The Toothbrush Legacy

When I stood up to address the congregation at my mothers funeral, I mentioned some of the many things that had changed during her 94 year life, the war years and her marriage to dad. I also mentioned the humble toothbrush.

a revolution in oral hygiene

Before World War 2, most people did not brush their teeth. Toothbrushes were available, but relatively expensive for ordinary working class folk. The brush was generally made using boar's hair, or sometimes from other animals such as the horse.

But then, in the late 1930s, two things were to change peoples personal hygiene habits.
A new thermoplastic material called Nylon was developed, and the first, cheap nylon toothbrush was introduced. 
The British military obviously wanted to keep its troops fit and healthy. So all personnel were required to wash, polish their boots, and brush their teeth every day. This would have applied both to my mum in the ATS in Britain, and my dad overseas.

WW2 British Army washroll complete with toothbrush

Second World War period British Army issue holdall (washroll) containing a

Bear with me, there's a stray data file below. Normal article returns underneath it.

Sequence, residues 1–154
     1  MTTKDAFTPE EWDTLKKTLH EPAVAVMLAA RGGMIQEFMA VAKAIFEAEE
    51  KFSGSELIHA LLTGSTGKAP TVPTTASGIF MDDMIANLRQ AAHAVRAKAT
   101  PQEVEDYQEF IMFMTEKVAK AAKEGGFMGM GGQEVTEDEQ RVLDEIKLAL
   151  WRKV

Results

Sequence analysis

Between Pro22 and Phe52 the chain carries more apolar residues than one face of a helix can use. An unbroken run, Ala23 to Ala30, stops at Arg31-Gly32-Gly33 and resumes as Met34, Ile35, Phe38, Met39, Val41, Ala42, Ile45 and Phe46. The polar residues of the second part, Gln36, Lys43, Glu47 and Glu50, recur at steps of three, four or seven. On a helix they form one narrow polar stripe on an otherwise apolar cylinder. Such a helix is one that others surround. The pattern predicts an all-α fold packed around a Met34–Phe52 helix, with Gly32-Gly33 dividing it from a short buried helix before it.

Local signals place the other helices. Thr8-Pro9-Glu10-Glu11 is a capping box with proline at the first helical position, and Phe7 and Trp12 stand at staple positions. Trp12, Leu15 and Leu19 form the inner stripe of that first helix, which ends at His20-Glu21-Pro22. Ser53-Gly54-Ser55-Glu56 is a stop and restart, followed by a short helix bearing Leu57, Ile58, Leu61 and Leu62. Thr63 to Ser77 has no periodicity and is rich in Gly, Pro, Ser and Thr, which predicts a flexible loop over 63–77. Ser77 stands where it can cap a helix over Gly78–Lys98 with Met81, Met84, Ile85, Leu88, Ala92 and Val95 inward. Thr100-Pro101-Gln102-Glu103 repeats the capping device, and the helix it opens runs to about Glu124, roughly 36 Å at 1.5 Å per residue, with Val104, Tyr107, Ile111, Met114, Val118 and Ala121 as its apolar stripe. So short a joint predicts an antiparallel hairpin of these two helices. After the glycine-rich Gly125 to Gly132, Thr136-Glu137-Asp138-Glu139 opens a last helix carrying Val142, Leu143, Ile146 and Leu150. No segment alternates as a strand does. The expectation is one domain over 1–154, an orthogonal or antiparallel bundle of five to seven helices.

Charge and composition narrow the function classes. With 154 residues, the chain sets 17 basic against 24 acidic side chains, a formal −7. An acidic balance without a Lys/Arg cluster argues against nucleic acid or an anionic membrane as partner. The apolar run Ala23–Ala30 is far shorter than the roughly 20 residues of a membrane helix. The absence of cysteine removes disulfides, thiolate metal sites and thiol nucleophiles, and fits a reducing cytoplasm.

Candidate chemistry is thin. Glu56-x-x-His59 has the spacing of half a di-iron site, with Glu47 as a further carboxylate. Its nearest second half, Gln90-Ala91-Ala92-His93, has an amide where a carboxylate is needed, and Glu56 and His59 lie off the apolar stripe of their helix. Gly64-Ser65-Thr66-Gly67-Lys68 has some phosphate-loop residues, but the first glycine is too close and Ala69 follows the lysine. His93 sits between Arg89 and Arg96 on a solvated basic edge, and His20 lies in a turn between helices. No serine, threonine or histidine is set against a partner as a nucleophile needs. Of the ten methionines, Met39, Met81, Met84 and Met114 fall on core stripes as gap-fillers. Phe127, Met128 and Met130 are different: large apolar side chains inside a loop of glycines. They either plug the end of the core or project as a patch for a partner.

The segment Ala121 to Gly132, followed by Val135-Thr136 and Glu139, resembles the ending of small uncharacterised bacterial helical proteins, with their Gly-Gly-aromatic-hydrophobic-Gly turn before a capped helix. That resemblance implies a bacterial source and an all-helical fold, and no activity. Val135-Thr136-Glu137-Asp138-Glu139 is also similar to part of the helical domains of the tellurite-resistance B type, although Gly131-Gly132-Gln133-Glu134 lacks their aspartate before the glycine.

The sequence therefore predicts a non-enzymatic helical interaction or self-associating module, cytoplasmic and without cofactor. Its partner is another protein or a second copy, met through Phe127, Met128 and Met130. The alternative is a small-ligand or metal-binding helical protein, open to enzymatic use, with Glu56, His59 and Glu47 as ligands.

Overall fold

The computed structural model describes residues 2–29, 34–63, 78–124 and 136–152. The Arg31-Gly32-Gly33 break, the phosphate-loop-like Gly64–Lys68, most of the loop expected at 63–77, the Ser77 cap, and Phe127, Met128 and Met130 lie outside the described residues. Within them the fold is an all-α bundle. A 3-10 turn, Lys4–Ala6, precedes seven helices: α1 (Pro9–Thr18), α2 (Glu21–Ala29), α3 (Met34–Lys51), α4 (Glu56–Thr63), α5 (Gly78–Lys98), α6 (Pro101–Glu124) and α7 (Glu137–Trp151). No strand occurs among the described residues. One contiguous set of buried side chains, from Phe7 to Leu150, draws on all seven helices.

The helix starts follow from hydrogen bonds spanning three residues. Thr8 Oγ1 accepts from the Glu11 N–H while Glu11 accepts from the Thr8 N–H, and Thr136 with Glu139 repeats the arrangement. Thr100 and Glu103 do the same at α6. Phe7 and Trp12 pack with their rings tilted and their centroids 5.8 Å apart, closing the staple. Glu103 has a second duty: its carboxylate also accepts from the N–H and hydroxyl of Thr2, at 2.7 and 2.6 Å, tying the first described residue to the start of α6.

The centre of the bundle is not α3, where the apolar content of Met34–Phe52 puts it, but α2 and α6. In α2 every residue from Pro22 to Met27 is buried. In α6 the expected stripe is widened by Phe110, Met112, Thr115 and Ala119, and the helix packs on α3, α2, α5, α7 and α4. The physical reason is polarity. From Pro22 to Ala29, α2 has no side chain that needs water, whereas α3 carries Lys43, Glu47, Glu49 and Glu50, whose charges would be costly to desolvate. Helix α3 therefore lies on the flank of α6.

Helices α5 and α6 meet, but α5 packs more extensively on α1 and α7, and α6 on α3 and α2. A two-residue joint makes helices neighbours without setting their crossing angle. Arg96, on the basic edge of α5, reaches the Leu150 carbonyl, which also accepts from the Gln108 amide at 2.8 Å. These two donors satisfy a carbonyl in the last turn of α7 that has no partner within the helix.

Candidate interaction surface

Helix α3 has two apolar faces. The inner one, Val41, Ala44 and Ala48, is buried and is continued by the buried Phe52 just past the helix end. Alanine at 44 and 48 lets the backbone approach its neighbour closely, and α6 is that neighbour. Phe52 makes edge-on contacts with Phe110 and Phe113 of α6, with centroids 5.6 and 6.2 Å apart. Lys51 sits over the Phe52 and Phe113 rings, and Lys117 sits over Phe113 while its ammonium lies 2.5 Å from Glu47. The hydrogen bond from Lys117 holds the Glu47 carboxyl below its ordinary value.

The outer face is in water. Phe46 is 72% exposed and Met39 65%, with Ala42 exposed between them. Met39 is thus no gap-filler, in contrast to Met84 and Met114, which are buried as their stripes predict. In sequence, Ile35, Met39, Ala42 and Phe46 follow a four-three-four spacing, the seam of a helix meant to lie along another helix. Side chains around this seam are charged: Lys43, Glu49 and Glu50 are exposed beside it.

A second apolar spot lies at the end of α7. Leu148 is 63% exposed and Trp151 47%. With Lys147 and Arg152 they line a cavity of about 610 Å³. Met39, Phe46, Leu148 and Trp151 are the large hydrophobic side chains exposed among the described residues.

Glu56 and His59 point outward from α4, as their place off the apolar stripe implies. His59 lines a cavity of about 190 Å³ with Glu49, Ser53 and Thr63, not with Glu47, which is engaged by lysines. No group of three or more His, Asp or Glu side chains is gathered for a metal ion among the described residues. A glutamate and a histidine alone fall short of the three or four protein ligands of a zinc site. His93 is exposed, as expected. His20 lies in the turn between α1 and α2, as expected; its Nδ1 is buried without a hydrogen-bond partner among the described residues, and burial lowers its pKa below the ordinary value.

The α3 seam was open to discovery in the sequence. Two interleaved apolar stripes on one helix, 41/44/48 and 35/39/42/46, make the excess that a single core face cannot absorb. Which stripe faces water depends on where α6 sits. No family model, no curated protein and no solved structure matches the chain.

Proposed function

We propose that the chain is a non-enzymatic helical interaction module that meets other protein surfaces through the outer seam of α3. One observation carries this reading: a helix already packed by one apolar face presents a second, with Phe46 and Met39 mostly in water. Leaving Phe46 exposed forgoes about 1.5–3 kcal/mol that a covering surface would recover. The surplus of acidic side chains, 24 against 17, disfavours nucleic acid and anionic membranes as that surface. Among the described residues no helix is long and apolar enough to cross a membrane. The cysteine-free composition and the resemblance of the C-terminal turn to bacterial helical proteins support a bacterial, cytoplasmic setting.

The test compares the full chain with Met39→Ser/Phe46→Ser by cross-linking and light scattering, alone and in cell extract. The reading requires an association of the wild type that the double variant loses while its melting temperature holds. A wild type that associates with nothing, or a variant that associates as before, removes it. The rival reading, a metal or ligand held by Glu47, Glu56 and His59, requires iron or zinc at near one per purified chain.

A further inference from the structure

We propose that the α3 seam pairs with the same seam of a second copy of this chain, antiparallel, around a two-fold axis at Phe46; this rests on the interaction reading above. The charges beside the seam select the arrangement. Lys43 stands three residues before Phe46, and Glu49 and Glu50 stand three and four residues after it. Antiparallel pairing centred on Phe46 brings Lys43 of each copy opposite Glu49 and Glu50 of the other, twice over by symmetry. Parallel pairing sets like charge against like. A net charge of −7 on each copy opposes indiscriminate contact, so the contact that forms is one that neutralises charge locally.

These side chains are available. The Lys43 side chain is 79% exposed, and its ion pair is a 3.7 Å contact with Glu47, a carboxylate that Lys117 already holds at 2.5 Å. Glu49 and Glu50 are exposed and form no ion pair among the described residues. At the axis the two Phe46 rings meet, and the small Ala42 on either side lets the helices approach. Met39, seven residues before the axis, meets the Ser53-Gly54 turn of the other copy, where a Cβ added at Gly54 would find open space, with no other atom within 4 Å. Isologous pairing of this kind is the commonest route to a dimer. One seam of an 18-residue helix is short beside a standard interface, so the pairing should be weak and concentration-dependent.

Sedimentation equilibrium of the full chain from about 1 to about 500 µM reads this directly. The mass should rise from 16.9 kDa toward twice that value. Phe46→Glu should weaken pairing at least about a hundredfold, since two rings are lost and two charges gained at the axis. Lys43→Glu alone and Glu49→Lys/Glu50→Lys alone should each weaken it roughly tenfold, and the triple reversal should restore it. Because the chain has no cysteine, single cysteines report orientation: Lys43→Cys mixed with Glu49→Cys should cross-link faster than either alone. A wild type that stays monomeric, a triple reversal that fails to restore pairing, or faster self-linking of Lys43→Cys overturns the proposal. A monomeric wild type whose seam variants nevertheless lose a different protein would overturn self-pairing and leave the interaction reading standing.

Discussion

soldier's personal requirements for hygiene in the field as well a personal
clothing repair kit ('housewife'). The holdall would be carried rolled and stowed
in the man's haversack until required. Regular shaving (when practical ) was, and remains,
mandatory, promoting cleanliness, morale, and discipline in most theatres of operations.
(image & text courtesy of the Imperial War Museum)

When the war was over and people returned from their wartime roles, they continued the habit of brushing their teeth every day, and this spread to their families. Cheap nylon toothbrushes were now widely available. Within a few years, most people in Europe and North America were brushing their teeth daily.

This hygienic revolution may have come a little late for my parents generation. My dad says he had trouble with his teeth during the war and told the Army dentist to "...take the bloody lot out".

But the first generation to benefit, were the post-war baby-boomers like me. These days, we have probably got used to seeing people on TV with near perfect teeth. But just look at an old TV program from the 1960s and you will notice the difference.

Early Colgate toothpaste advert